"The condition of this obligation is such that, if . . . the said principal shall not violate the terms of such permit . . . or . . . any of the provisions of the National Prohibition Act and regulations promulgated thereunder as now or hereafter provided, and all other laws of the United States nor or hereafter enacted respecting distilled spirits, fermented liquors, wines, or
other intoxicating liquors, and will pay all taxes, assessments, fines, and penalties incurred or imposed upon him by law, then this obligation to be void, otherwise to remain in full force and effect."
And Form 1409, prescribed for a collateral bond, likewise provides that, upon the sale of the government's bonds pledged as security, the proceeds, shall
"be applied to the payment of any internal revenue taxes, interest, fines and penalties which may be due, and in satisfaction of any liabilities incurred hereunder and the expenses of such sale, if any, and the residue, if any, paid to said principal."
The case now presented is not that of a bond executed to the government in a specified penal sum prescribed by statute and intended as a fixed penalty imposed for a breach of a statutory duty, which is forfeited in its full amount by a breach of the condition irrespective of the actual damage thereby caused the government. Clark v. Barnard, 108 U. S. 436, 108 U. S. 461; United States v. Dieckerhoff, 202 U. S. 302, 202 U. S. 309; United States v. Montell (Taney, 47), 26 Fed.Cas. 1293, 1296. Whether Congress did or could authorize the Commissioner in fixing the form of bond to prescribe a penalty we need no consider, for here it is plain that he did not intend that the penal sum of a surety bond on Form 738 should be a penalty or liquidated damages-in this case of $100,000, the full amount of which the United States might recover for any breach of condition, however slight, as, for example, a failure to make a record of any sale as required by the regulations, but, on the contrary, intended that such penal sum should be the maximum amount of the obligation incurred by reason of a breach of the bond. Form 738 is unquestionably to be read in connection with Form 738A. These were prescribed by the same regulations as alternative forms of the bond which the applicant might at his election furnish. They had precisely the same object, and were intended to secure the same obligation --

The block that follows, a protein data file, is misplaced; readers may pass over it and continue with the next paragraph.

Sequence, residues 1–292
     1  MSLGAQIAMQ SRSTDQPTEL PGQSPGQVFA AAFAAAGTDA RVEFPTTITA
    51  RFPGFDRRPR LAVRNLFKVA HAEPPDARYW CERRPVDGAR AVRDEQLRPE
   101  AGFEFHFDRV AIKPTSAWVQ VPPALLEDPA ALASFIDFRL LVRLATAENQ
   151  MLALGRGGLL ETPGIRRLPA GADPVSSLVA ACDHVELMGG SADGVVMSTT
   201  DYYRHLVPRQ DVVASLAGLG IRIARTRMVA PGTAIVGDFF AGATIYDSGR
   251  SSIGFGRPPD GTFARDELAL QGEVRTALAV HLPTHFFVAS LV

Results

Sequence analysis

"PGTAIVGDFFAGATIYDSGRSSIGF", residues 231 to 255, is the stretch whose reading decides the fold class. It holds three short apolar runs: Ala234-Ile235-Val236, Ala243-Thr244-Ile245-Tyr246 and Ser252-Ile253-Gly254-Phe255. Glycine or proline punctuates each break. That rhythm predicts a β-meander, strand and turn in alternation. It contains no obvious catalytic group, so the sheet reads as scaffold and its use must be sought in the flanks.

the one by personal sureties, the other by the deposit of collateral. Plainly it was not intended that the obligation should be greater in the one case than in the other merely because the applicant chose to furnish personal instead of collateral security. The effect of Form 738A is that the applicant's obligation shall be discharged by the payment of any internal revenue taxes, interest, penalties, and liabilities accruing to the United States by reason of a breach of the condition, and it cannot be doubted that this was intended, in like manner, to be the measure of the obligation incurred under a surety bond on the corresponding Form 738.
This view is emphasized by the consideration of the new Forms 1408 and 1409 prescribed by Regulations 60. It is clear that Form 1408 is not one for a penalty or forfeiture, but is one for indemnity merely in respect, broadly speaking, of the liabilities enumerated in Form 738A. United States v. Chouteau, 102 U. S. 603, 102 U. S. 608. And the fact that these new regulations provided that a permit holder who had previously given a surety bond on Form 738 should not be required to give a new bond on Form 1408 until called upon to make application for a new permit, is strongly persuasive evidence that the Commissioner regarded Form 738 as of substantially the same character as Form 1408 -- that is, as a bond for indemnity securing the payment of the liabilities enumerated in Form 738A.
Our answer to the certified questions is that a permit bond on Form 738 is not a bond for a penalty forfeitable in its entire amount upon a breach of condition, but is a bond for indemnity securing the payment of the internal revenue taxes, interest, penalties, and liabilities accruing to the United States by reason of the breach.
41 Stat. 305, c. 85.
T.D. 2940; T.D. 2946.
Regulations 60, ed. of Feb. 1, 1920, appendix.